Sunday, December 17, 2000

Review: "Servant of the Shard" by R.A. Salvatore

Shortly after discovering the fantasy genre in junior high, I turned my attention to the shared worlds of what was then TSR. I was an avid Dungeons and Dragons player - and it seemed only natural to dip into the fiction set in those worlds.

Over the years I drifted away from those worlds and their stories, losing interest as the first generation of writers and characters were retired. Still, every now and then a book by one of the writers or about one of the characters I really liked during those years pops up.

When that happens, I just can't resist picking it up.

In "Servant of the Shard" (Wizards of the Coast), R.A. Salvatore again turns his attention away from his scimitar-wielding dark elven hero Drizzt Do'Urden. Instead he focuses on two of the most intriguing villains of the series, the assassin Artemis Entreri and the drow Jarlaxle, leader of the mercenary band Bregan D'aerthe.

The pair have formed an alliance to move Bregan D'aerthe's interests to the surface world, but there are obstacles. Jarlaxle now possesses the crystal shard Crenshinibon, and it has plans for greater conquests.

Its influence over Jarlaxle also leads to dissension among the ranks of Bregan D'aerthe, as two of his most powerful lieutenants plot an overthrow.

Salvatore began this series in the late 1980s with the rousing adventure of the Icewind Dale Trilogy, which introduced us to most of the major players. He continued with the more somber and introspective Dark Elf Trilogy, that provided insight into the character of Drizzt.

After that, the series began to grow stale. The same plot line was repeated several times: One of the drow royal houses, seeking favor with the Spider Queen, attempts to kill or capture Drizzt and is soundly thrashed by the heroic ranger and his companions.

But with the last couple of offerings, Salvatore has shifted directions for the better.

One of the best aspects of this book is the development we see in the characters, most notably Entreri. When we first met the assassin in the Icewind Dale Trilogy, he was a brash 20-year-old with only one goal - to prove that he was the best swordsman in the world.

That meant engaging Drizzt in combat and slaying him.

As "Servant of the Shard" opens, we see a much different character. While his mind is sharper than ever, a middle-aged Entreri is facing the fact that he's lost a step and the inevitable time when younger assassins will seek to add a notch to their belts by killing the famous Entreri.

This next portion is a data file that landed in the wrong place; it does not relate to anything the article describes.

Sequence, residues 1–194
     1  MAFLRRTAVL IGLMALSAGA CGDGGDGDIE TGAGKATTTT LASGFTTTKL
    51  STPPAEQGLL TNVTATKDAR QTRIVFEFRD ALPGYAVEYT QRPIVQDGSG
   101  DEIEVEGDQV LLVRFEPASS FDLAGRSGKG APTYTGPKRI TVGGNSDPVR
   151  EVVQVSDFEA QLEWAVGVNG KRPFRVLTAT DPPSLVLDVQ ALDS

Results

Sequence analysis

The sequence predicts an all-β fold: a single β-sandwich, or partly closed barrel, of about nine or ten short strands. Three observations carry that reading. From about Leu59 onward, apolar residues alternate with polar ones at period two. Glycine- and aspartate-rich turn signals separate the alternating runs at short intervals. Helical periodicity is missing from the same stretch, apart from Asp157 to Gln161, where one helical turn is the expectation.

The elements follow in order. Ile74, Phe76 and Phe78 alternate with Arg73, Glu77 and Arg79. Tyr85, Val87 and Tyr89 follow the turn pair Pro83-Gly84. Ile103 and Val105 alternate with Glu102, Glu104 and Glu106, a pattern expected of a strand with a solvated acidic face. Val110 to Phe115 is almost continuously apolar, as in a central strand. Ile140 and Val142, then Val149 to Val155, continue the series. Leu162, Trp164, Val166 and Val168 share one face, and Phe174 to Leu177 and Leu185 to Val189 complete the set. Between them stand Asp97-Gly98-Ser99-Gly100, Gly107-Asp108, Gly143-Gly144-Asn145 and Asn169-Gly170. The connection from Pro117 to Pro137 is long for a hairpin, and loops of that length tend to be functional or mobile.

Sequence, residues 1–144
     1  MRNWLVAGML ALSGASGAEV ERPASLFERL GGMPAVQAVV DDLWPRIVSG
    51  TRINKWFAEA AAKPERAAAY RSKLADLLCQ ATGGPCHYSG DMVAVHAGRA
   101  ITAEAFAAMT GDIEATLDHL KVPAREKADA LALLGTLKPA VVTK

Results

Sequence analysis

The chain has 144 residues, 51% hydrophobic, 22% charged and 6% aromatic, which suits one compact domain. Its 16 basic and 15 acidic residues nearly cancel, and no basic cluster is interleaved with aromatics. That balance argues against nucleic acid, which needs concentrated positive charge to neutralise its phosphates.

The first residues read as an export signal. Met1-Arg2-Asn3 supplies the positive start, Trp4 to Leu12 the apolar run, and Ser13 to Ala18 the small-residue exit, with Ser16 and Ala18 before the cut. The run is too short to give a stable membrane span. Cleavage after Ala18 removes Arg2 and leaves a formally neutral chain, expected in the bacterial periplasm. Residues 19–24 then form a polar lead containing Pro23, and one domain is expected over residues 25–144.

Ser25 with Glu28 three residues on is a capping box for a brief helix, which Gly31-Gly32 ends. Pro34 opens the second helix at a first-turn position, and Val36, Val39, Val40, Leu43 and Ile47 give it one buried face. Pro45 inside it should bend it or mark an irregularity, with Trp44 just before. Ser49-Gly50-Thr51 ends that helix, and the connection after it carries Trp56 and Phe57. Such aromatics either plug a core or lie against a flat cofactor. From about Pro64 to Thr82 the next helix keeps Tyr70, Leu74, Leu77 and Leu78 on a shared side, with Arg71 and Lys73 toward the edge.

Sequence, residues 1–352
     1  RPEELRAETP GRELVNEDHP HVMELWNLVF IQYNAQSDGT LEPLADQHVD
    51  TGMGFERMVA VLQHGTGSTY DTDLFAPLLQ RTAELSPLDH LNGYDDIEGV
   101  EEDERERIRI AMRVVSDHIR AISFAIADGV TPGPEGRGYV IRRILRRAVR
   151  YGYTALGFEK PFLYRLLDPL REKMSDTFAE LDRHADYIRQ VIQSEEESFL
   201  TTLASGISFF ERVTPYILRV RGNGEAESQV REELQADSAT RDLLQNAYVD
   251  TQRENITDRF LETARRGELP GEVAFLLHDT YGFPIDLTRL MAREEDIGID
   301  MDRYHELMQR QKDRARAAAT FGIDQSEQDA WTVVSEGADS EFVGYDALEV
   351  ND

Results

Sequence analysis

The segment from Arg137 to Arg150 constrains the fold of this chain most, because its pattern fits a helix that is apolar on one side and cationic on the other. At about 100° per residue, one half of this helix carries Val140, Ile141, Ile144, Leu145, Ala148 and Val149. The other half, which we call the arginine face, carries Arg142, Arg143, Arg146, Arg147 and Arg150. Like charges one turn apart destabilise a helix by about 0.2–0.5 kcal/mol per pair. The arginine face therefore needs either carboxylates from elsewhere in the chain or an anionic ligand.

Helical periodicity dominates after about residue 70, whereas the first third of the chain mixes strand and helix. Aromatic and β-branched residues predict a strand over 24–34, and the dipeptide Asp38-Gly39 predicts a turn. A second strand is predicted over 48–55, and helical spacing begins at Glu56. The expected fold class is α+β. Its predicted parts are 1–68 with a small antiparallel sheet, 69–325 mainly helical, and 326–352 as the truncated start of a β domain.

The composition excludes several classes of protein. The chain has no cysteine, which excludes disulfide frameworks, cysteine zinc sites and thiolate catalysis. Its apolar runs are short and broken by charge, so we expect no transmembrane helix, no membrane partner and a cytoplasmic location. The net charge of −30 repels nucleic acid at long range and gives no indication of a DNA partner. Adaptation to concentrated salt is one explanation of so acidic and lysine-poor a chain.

Through the course of this novel, Entreri is brought face-to-face time and again with the conclusion that he has been working toward.

By the end of the book he's questioning the choices of his life, but in a way that's uniquely Entreri.

Jarlaxle has always been confident and calculating. He's quick witted, agile and prepared for almost anything that can be thrown at him.

The mercenary leader is one of the few males to hold any power in the matriarchal drow city of Menzoberanzan. That changes when he takes possession of Crenshinibon.

The artifact begins to control the usually wily mercenary through subtle manipulation. When Jarlaxle is forced to face the fact that he's been duped, he gets a new outlook.

This book is also unique in that both primary characters are "bad guys." Still, they are intriguing characters and Salvatore manages to create sympathy for even a couple of cold-hearted killers.

"Servant of the Shard" also pulls in a couple of characters we haven't heard from in a while: the priest Cadderly and his wife, the fighting monk Danica.

It was interesting to see the changes that have come about in the years since Salvatore's Cleric Quintet.

Of course, it wouldn't be a Salvatore book if there weren't a few intense fight scenes. Salvatore does combat better than any other writer out there, and there are plenty of intricate battles in this volume.

The descriptions put you right in the middle of the action - so close that if you're not careful you could get cut.

Salvatore has expressed an interest in checking on Drizzt and his companions in the next volume. That would please fans who have complained about the dark elf's small role in the last two books.

But for some, the change in direction has brought a new outlook to the Dark Elf series, and those will likely think this is the best offering in quite a while.

"Servant of the Shard" is a refreshing departure for the series, breathing new life back into a tale that was growing stale.

No comments: